Payroll Support is being reinstated with an intention to publish the details of all businesses who apply for help, however that caveat has been heavily criticised in some quarters, as it could put people off applying for support.
The States of Guernsey has enabled businesses to submit claims, starting from Monday 1 February, with payments backdated to the beginning of Guernsey's second lockdown.
The Payroll Co-Funding shcheme will initially see the States of Guernsey pay 80% of an employees wage at minimum wage. If lockdown continues beyond the 1 March a 100% payroll co-funding scheme will come into effect.
Pictured: The declaration needs to be ticked online if claiming payroll support.
Policy & Resources has made it clear that if you apply for payroll support, your details are likely to be made public.
“We’re in between a rock and hard place," said one business owner. "I don’t want to have my business details published to the public, but I need support to help my family and stay afloat."
When asked about these concerns during the latest media briefing, Chair of the Civil Contingencies Authority, Deputy Peter Ferbrache said: “We’ve heard them [the concerns] we’ll certainly take them into account and I, Deputy Soulsby, and the other members of Policy & Resources, will be discussing those concerns at our next meeting.”
Pictured: Concerns about naming those who receive financial support were posed to the Civil Contingencies Authority at yesterday's briefing.
The idea was mooted during Guernsey's first lockdown but was never carried through, partly because businesses had not agreed to it when they first claimed support.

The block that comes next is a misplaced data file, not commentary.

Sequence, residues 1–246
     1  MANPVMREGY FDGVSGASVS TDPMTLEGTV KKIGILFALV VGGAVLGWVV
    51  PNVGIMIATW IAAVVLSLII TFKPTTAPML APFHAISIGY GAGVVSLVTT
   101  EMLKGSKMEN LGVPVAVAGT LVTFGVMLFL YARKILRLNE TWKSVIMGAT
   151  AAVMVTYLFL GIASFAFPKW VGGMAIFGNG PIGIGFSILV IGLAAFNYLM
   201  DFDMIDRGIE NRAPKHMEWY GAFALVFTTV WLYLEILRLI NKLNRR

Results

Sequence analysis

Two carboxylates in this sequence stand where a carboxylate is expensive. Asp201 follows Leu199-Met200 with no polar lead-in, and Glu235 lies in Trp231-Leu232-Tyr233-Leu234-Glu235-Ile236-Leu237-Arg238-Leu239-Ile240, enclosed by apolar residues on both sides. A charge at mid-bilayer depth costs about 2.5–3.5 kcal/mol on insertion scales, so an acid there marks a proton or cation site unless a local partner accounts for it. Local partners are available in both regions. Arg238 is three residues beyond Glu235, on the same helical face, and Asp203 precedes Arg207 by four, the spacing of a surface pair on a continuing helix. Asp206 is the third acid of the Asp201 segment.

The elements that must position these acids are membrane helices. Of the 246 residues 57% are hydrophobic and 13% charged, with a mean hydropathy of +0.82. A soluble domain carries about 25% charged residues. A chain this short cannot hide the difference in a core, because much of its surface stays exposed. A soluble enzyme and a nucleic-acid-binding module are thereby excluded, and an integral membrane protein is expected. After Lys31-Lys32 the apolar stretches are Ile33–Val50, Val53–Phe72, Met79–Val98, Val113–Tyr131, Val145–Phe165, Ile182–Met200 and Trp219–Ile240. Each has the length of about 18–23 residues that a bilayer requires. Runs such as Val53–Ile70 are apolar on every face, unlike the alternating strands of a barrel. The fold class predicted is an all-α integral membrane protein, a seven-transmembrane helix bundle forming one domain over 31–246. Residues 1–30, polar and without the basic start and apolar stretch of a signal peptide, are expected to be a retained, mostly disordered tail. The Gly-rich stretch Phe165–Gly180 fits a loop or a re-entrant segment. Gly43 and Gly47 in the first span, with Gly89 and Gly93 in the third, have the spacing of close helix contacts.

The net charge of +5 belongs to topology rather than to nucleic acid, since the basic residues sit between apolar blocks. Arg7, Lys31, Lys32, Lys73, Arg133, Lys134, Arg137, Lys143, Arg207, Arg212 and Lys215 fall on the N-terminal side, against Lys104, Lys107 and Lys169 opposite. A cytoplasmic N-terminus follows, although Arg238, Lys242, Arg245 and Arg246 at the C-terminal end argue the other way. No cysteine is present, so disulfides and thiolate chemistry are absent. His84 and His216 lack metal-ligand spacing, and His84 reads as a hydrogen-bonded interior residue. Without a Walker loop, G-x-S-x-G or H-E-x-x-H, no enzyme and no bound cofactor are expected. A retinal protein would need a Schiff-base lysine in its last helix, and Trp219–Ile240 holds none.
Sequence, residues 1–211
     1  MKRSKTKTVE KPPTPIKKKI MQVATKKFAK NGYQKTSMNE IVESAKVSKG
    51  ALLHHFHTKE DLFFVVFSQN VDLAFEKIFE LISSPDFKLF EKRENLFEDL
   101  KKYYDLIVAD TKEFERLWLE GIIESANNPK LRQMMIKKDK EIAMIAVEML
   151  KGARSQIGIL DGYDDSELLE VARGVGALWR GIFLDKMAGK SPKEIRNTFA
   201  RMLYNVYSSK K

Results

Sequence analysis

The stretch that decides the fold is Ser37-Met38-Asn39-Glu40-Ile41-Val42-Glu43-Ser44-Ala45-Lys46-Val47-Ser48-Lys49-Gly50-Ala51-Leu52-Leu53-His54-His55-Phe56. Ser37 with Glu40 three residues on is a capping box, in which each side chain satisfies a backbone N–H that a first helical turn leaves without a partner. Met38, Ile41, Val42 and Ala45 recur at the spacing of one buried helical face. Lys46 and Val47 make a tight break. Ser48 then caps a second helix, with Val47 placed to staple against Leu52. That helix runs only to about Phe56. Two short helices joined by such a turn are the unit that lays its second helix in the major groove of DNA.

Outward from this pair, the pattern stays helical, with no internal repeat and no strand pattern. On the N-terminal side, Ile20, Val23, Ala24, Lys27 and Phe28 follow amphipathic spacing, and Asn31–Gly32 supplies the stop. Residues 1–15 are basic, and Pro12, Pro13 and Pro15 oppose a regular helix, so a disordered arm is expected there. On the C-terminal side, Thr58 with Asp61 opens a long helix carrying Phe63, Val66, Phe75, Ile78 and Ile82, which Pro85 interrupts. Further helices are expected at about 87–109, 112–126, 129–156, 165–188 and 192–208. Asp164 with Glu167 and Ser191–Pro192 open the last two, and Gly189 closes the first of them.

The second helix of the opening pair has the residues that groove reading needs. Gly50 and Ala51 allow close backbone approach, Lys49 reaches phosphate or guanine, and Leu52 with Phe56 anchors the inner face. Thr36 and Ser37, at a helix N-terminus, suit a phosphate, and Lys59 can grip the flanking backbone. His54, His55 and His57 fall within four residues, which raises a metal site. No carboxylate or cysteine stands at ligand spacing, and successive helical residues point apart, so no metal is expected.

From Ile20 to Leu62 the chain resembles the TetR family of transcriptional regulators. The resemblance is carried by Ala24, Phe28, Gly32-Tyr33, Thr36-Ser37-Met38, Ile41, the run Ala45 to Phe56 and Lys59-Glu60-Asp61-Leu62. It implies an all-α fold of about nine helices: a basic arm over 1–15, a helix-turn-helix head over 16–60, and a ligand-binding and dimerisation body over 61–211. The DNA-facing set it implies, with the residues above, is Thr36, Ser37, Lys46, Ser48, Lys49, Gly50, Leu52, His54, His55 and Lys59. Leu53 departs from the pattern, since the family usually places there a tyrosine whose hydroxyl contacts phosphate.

The official guidance online, when applying for payroll support this time, is as follows:
“To ensure transparency of ongoing payroll funding, it remains the intention to publish information of those organisations claiming financial assistance through the Scheme. This may include details such as the name of the business or self-employed individual, number of employees claimed for and the total amount claimed. It may include aggregated information for the self-employed. This will apply to information provided on any applications for financial support, and payments made, after 4 May 2020.”
The discussion has spilled out onto social media, where business owner Ross Le Brun likened the decision to “being put in stocks.”
The States are caught between a rock and a hard place. If they don’t publish there is the public out cry of “it‘s OUR, tax payers money, we have a right to know where it goes“, if they do publish business aren‘t happy. Usual loose loose situation.— susann hatcher (@susannreul) February 1, 2021
Pictured: Some have acknowledged that there is no universally popular answer to whether the States should publish business information.
Fully agree with you, Ross. I’m shocked that there hasn’t been more of a backlash against this. It could be seen as engineering stigma to dampen demand for assistance. What’s next, publishing the names and addresses of benefit claimants?— James Roberts (@jroberts332) February 1, 2021
Pictured: Others feel the decision could be viewed as a way of reducing demand for help and have questioned the precedent it could set.
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